Erik Buell and Buell Motorcycles got a little publicity in Time Magazine this week in a very positive article. Even though well known to most of us, Buell is not exactly a common name to most folks and the extra exposure helps the motorcycle industry as a whole.
The article highlights how working at Buell is different, if you’re on the assembly line you have to know several jobs and you rotate among them. It’s a small, close knit organization. Also:
Every part on a new model has a team comprising a purchasing engineer, a design engineer and a quality engineer–called PDQ–in charge of taking that part from concept through production. “The three of them together act as a business,” says Tony Stefanelli, Buell’s senior platform director. “They’re like entrepreneurs, developing a product that they sell back to Buell every day on the assembly line.” Instead of handing off their work to the line engineers, Buell designers own their parts through the manufacturing process. “If your part design isn’t working, you have to go over to the line or to the supplier and face the person,” says Buell. “People come back with a whole different perspective of how important their job is.”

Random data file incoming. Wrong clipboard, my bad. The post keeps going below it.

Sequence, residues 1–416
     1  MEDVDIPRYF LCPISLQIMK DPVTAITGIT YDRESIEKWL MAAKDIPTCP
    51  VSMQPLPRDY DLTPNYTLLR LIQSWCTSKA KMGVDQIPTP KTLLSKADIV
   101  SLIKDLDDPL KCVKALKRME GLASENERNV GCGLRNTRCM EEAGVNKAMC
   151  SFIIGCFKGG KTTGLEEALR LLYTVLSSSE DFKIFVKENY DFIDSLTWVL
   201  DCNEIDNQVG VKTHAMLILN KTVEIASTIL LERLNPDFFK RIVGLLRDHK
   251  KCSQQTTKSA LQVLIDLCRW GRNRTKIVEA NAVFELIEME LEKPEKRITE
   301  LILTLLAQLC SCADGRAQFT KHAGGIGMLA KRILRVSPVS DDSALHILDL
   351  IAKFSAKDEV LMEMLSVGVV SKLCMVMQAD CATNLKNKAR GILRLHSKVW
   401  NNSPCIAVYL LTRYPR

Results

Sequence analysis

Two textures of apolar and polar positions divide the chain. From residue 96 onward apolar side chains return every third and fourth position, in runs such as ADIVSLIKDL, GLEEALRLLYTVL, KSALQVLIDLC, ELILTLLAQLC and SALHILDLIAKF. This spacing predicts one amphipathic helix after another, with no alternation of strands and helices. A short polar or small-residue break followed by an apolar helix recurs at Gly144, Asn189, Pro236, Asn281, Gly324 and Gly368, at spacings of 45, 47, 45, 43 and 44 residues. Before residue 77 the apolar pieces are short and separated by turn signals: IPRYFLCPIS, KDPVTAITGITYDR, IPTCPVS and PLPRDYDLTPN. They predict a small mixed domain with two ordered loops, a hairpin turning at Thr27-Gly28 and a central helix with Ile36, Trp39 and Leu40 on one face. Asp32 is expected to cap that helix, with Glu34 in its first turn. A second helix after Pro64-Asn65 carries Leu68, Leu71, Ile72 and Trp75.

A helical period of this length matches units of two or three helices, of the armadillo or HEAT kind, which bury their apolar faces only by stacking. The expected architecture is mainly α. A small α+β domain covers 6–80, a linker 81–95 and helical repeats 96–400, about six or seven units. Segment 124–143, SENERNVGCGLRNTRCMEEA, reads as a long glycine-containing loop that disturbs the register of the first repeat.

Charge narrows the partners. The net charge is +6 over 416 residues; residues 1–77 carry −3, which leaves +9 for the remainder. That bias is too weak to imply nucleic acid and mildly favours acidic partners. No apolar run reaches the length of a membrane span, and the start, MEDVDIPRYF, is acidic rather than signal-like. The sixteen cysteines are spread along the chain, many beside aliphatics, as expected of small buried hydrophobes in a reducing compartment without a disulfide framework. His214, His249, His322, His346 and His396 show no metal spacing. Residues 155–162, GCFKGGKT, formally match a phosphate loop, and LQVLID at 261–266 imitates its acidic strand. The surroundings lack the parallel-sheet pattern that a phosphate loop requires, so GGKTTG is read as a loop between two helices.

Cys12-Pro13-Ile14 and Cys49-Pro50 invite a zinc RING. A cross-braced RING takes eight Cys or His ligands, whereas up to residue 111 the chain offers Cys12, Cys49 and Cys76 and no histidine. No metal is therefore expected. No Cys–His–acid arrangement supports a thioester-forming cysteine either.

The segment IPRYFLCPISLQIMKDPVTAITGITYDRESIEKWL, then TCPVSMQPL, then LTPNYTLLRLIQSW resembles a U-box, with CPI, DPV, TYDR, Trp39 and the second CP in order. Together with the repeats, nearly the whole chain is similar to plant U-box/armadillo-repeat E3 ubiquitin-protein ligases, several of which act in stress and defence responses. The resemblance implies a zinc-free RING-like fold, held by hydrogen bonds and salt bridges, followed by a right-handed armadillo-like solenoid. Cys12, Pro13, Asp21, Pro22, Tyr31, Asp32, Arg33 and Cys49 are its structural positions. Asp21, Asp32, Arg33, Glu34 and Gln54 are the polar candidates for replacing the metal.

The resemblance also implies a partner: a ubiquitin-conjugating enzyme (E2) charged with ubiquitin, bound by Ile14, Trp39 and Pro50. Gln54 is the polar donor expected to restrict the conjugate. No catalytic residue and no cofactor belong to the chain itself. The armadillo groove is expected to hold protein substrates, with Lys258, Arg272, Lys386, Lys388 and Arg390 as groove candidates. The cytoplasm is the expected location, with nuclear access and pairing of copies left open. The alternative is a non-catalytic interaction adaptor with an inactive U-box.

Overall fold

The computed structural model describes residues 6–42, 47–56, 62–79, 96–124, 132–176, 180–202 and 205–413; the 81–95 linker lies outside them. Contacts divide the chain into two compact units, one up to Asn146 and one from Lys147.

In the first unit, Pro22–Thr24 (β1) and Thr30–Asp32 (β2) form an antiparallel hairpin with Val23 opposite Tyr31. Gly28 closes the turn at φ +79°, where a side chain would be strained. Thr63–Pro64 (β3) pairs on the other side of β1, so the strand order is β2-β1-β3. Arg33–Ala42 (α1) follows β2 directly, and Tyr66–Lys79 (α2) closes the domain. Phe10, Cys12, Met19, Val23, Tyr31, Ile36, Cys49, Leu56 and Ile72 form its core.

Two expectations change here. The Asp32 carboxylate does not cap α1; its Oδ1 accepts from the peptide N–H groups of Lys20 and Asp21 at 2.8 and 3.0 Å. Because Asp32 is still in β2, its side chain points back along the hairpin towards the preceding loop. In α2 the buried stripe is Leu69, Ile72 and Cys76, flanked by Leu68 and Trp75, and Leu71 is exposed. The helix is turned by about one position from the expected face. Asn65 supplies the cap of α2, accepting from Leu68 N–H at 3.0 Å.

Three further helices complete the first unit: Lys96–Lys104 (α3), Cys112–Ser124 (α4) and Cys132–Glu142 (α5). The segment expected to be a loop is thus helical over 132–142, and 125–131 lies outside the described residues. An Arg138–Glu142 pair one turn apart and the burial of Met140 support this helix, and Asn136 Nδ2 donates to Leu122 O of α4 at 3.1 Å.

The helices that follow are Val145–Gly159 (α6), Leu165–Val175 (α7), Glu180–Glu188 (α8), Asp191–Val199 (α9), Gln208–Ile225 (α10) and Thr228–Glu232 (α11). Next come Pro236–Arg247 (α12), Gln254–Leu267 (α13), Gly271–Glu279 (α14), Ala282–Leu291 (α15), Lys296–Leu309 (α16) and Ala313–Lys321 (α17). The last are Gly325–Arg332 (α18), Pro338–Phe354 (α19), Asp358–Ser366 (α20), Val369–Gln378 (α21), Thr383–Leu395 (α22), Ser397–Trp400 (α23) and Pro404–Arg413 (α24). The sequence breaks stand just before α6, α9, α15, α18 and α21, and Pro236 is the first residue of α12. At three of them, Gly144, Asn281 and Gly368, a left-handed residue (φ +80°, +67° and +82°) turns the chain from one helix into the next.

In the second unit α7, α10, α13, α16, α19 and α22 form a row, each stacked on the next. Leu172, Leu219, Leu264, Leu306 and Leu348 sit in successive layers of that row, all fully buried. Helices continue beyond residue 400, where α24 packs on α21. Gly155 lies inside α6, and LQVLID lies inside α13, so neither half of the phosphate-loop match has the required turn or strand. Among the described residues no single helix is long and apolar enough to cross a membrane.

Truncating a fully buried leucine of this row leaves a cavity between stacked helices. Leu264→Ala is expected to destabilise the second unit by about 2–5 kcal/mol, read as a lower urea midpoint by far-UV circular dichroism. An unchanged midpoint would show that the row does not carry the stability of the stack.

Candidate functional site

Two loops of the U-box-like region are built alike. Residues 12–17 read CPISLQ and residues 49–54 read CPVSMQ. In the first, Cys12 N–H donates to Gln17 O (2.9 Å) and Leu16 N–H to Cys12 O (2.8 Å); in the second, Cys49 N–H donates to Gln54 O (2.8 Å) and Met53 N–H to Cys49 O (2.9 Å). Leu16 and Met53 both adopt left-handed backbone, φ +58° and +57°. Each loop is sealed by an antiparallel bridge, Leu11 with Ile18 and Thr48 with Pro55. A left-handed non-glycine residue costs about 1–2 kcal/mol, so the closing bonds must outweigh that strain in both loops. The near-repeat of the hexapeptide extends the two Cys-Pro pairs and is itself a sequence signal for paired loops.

Positive coverage of any motorcycle company is always a good thing. Congratulations to Erik and Buell Motorcycles!